Maybe I'm to critical, but I would never allow this to happen on one of my job sites. The sign may hold up forever, but then again the first hard freeze may heave the footings out of the ground. I guess only time will tell.

Chad

Paul Pless
12-21-2011, 01:16 PM
but then again the first hard freeze may heave the footings out of the ground.
ChadI'm looking forward to a soggy spring followed by high winds myself.:D

cs
12-21-2011, 01:26 PM
That will be intersting, that is if it makes it to spring.

Chad

Bobby of Tulsa
12-21-2011, 01:56 PM
Chad, have you ever erected signs? Ever see any of those eighty foot high rise Texaco signs?

cs
12-21-2011, 02:04 PM
Can't say that I erect the signs, i.e. I don't pour the footings or lay the block or any of that. That is what sub-contractors are for. I can say that I have been involved in the design and construction of many signs and I have studied concrete and steel design and statics and strengths of materials and I do understand about uplift and wind loads and proper construction techniques. Been doing this a long time now and I know what is required for pylon signs. And if you look at those eighty foot high Texaco signs you will probably see that they either have a great portion of the actual steel in the ground in conjuction with a massive footing with reinforceing bars.

I feel that I am more than qualified to critique the sign construction. Although I am not qualified to design the sign I have worked with engineers many a time on the design of very similar signs and I understand what is required.

Chad

Bobby of Tulsa
12-21-2011, 02:22 PM
I have worked in the sign business for a long time. Companies that do this don't stay in business if there signs fall down.

cs
12-21-2011, 02:26 PM
Being as you work in the industry you should see what I see with the mistakes in that sign's pylons. And while I have never designed a 80' high Texaco sign I would be willing to bet that they have a footing with enough mass to counter act the wind load or they have cantillivered the column out of the ground.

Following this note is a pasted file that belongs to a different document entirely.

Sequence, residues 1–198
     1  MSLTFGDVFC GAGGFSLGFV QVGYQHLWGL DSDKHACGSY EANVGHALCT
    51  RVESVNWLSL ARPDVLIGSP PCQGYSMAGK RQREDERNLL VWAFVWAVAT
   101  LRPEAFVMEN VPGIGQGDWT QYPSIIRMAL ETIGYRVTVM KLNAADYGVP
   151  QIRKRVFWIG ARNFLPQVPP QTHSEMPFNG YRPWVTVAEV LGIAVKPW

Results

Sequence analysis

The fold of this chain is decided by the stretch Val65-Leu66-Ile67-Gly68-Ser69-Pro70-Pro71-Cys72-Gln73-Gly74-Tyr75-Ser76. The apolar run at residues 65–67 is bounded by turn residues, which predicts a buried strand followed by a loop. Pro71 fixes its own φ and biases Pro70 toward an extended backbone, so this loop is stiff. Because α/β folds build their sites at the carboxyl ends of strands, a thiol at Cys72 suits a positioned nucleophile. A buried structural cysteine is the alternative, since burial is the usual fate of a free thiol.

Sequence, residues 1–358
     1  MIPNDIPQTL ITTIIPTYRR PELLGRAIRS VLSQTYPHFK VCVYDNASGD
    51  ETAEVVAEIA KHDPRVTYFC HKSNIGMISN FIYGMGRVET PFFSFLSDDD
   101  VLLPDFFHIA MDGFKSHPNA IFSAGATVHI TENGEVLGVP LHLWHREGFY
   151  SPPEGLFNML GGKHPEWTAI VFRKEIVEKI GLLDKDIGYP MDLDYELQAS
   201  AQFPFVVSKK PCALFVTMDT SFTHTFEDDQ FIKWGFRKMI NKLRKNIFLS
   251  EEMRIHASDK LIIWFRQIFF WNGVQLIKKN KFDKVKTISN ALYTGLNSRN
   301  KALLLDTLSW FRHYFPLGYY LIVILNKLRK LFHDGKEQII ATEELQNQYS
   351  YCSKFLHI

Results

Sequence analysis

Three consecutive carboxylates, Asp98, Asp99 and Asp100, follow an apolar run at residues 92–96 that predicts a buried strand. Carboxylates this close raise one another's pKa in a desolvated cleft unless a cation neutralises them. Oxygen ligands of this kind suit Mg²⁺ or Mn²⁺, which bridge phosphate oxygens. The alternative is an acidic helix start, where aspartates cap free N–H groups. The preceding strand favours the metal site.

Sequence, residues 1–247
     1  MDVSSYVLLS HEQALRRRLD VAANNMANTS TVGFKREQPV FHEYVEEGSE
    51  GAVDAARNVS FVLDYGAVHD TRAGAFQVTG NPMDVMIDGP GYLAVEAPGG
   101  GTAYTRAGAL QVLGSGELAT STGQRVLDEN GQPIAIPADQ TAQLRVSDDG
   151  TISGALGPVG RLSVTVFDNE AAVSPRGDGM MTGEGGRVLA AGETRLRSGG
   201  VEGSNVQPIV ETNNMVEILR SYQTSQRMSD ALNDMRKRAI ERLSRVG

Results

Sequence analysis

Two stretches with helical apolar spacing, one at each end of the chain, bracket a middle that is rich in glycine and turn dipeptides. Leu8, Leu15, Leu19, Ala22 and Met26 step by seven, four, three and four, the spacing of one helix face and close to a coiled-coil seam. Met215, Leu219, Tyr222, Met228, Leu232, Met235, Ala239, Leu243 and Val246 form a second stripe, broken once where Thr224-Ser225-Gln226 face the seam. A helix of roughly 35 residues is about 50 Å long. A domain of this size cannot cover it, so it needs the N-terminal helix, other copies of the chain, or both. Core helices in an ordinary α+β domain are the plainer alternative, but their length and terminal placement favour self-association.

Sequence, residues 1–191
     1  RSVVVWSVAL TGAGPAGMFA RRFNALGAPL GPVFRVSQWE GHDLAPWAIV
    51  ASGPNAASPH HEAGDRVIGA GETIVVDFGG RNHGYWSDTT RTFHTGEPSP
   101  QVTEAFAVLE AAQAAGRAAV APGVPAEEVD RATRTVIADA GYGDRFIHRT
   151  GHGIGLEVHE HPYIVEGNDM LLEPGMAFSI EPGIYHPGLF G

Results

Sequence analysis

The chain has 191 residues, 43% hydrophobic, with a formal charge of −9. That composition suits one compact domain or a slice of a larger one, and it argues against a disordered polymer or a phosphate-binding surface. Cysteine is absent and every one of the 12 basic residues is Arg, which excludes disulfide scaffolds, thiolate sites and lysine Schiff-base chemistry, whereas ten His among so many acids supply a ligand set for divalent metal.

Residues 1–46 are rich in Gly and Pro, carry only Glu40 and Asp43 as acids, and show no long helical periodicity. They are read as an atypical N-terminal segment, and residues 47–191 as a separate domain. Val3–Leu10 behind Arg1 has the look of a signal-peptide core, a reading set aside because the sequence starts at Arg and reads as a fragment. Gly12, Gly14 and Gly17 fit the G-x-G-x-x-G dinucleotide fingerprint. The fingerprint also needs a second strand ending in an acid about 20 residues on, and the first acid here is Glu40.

Chad

edited to add: the guys that built this sign are just standard Joes that work here at the armory and not a professional sign company.

Mrleft8
12-21-2011, 02:37 PM
Around here the footing would be 3' deep (To the top of the footing) with rebar or at very least a j bolt. The footing would be 33-50% bigger than the column it supported. So a 2' square column would have a 3' footing. Where a pair of columns are relatively close, a good contractor would pour one big footing pad to set both columns on. If the columns are going to be uncapped they should have weep holes at the base to keep moisture from collecting and cracking the masonry, but solid precast concrete, or flag stone caps would be better.
My suspicion is that those columns will fail. Not this spring, but probably by next spring.

cs
12-21-2011, 02:42 PM
Here we don't have to be 3' to the top of the footing. Our frost line is about 14". I would have had the top of the footings 16" below grade (2 courses of block) and it would have been 14" thick with #4's in the bottom with vertical #4's at the corners.

Chad

Mrleft8
12-21-2011, 02:46 PM
Actually..... Here the required depth is 30", not 3', but most decent contractors go the extra 6" because their grunts can't figure out what the little numbers on the yellow springy thingy mean.... ;)

P.I. Stazzer-Newt
12-21-2011, 03:14 PM
Over here we are moving away from solid signboard supports.

http://www.lattix.net/

BrianW
12-21-2011, 09:28 PM
Frost lines in Mississippi?

You know the ropes Chad. The sign only has to last until the next Change of Command.

The current officer will write in his OER... "had new sign installed, motivation levels reach highest point ever."

The next officer will write in his OER... "implemented base rejuvenation and beautification program. Tore down old sign, moral and efficiency reach new heights."

StevenBauer
12-21-2011, 10:20 PM
I think you're right about this sign, Chad. But it's the bottom of the footing that needs to be below the frost line, not the top. Around here the frost line is 48". And you can count on having a footing inspection.


Steven

Mrleft8
12-21-2011, 10:24 PM
I wonder if they've thought of doing "footing inspections" up in B.C......